The market for the assurance of carbon emissions disclosures is showing intensive growth. However, due to the largely voluntary nature of carbon reporting and assurance, there are currently no clear standards or guidelines and little is known about it. The purpose of this paper is to examine the reporting and assurance practices for carbon emissions disclosures.

Design/methodology/approach

This study provides evidence on this market, with a sample that includes 13,419 firm-year observations across 58 countries between 2010 and 2017 from the Carbon Disclosure Project (CDP) database.

Findings

The results show that the demand for carbon emissions reporting comes mainly from North America, the UK and Japan. Recently, markets such as South Africa have also shown increased demand for carbon reporting. The data also shows that more firms are seeking assurance for their carbon emissions reports. Legitimacy, stakeholder and institutional theories are used to explain the findings of this study.

Research limitations/implications

The results have important implications for firms that produce carbon emissions disclosures, assurance service providers, legislators, regulators and the users of the reports and there should be more specific disclosure guidelines for level and scope of reporting.

Originality/value

Amongst the firms that do provide assurance on their carbon emissions reports, a majority do so using specialist assurance providers, with only limited assurance being provided. The results further show that a myriad of assurance frameworks is being used to assure the carbon emissions disclosures.

Details

Meditari Accountancy Research, vol. ahead-of-print no. ahead-of-print
Type: Research Article
ISSN: 2049-372X

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Article
Publication date: 1 July 2019

Ragini Rina Datt, Le Luo and Qingliang Tang

The purpose of this study is to examine the impact of legitimacy threats on corporate incentive to obtain external carbon assurance.

Abstract

Purpose

The purpose of this study is to examine the impact of legitimacy threats on corporate incentive to obtain external carbon assurance.

Design/methodology/approach

The sample consists of the largest US companies that disclosed carbon emissions to CDP (formerly the Carbon Disclosure Project) over the period 2010-2013. Based on legitimacy theory, firms are more likely to obtain carbon assurance when they are under greater legitimacy threat. Carbon assurance is measured using CDP data. Three proxies are identified to measure legitimacy threat related to climate change: carbon emissions intensity, firm size and leverage.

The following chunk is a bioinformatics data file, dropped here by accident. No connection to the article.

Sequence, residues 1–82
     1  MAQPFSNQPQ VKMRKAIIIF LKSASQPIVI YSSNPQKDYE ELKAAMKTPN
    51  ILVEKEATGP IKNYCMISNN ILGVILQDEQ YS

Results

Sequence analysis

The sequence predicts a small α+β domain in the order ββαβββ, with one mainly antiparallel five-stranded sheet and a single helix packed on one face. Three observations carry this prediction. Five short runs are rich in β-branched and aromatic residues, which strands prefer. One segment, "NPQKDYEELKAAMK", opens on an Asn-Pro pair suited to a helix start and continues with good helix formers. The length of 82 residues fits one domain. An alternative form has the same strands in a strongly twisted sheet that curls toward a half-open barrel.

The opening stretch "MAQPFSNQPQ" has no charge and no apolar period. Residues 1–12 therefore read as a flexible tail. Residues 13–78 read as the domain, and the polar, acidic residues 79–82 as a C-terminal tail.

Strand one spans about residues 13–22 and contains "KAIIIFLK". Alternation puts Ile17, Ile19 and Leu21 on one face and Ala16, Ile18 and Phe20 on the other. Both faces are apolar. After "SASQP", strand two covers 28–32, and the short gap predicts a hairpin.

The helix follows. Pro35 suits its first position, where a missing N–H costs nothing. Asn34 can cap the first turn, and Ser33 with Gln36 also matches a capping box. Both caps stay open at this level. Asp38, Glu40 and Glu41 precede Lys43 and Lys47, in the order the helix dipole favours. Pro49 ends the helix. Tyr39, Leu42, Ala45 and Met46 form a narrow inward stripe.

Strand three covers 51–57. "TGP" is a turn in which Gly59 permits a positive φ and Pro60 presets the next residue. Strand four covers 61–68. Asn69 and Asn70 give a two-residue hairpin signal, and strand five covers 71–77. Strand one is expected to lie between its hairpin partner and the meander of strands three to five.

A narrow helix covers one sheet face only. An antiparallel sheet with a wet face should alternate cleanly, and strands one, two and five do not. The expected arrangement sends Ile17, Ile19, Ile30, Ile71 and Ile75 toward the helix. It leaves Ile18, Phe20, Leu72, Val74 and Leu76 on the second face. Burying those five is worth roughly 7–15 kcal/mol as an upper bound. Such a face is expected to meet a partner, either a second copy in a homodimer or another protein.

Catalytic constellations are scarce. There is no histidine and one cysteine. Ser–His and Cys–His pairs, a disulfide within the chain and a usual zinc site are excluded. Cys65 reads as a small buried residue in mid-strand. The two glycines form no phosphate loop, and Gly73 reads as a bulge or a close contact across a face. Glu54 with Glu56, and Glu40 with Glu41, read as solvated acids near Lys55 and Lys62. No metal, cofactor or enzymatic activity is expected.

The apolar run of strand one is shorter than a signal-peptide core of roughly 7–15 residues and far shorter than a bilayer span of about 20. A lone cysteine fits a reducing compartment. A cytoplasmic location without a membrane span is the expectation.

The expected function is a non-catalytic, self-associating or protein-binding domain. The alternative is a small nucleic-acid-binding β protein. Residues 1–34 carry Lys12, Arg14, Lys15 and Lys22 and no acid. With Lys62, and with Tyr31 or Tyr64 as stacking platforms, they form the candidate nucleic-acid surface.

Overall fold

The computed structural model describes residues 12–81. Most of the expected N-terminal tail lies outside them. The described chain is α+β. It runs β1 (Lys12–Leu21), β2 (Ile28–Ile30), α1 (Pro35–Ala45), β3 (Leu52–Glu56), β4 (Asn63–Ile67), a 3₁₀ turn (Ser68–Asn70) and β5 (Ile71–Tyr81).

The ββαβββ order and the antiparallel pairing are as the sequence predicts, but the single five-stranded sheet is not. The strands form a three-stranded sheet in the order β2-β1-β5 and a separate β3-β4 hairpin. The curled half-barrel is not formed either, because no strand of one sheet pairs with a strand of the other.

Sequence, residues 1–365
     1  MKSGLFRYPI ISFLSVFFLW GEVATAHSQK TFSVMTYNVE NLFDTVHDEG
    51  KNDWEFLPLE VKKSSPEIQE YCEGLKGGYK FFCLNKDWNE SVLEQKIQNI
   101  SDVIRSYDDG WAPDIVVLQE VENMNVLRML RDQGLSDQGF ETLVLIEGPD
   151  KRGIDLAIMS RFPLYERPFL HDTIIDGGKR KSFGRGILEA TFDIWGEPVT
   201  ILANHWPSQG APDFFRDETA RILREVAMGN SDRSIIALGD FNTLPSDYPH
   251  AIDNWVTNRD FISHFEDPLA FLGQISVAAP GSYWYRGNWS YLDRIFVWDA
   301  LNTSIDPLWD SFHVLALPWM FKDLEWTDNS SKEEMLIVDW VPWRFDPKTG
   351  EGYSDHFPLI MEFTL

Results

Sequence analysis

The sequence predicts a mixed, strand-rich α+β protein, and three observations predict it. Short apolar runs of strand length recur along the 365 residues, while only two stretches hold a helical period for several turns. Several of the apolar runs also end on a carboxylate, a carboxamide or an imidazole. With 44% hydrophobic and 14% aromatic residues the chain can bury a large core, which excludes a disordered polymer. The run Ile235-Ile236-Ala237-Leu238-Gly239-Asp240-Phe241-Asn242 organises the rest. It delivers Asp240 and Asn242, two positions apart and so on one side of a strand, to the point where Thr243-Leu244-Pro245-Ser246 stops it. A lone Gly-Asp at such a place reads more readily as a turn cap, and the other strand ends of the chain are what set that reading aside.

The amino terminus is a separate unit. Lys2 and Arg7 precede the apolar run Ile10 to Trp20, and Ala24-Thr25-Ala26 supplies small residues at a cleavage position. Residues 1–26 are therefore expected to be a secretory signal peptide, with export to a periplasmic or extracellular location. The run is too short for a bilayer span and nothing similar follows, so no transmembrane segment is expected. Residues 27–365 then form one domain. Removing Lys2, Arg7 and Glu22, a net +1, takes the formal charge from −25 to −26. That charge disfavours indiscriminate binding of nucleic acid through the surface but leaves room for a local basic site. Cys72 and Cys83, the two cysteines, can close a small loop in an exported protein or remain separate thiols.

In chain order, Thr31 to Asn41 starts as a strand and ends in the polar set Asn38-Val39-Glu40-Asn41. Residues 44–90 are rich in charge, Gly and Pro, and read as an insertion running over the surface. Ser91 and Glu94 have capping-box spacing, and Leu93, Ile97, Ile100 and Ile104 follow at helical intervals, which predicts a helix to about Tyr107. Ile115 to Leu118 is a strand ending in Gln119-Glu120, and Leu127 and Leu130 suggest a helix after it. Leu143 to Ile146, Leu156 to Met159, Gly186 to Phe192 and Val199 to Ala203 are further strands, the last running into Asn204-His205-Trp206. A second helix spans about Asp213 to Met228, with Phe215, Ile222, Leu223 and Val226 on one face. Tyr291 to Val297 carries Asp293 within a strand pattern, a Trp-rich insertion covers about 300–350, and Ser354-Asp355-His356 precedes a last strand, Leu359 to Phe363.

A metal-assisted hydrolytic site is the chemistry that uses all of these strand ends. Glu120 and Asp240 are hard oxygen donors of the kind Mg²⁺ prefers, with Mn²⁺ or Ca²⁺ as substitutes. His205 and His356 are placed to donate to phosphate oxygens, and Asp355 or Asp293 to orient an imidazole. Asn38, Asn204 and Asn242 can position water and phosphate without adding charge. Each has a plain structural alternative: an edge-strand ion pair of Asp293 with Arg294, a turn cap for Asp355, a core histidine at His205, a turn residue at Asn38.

Findings

This paper finds that firms with higher levels of emissions are more likely to obtain independent assurance, and large firms show the same tendency, as they are probably under pressure from their large group of stakeholders. In sum, the findings suggest that firms with higher carbon emissions face greater threats to their legitimacy, and the adoption of carbon assurance can mitigate risks to legitimacy with enhanced credibility of carbon disclosure in stakeholders’ decision-making.

Research limitations/implications

The study has some limitations. The authors have relied on CDP reports for analysis and focus on the largest companies in the US. Caution should be exercised when generalising the results to smaller firms, other countries or voluntary carbon assurance information disclosed in other communications channels.

Practical implications

This study provides extra insights into and an improved understanding of determinants and motivation of carbon assurance, which should be useful for policymakers to develop policies and initiatives for carbon assurance. The collective results should be useful for practicing accountants and accounting firms.

Originality/value

The paper investigates how legitimacy threats affect firms’ choice of external carbon assurance in the context of US, which has not been documented previously. It contributes to the understanding of legitimacy theory in the context of voluntary carbon assurance.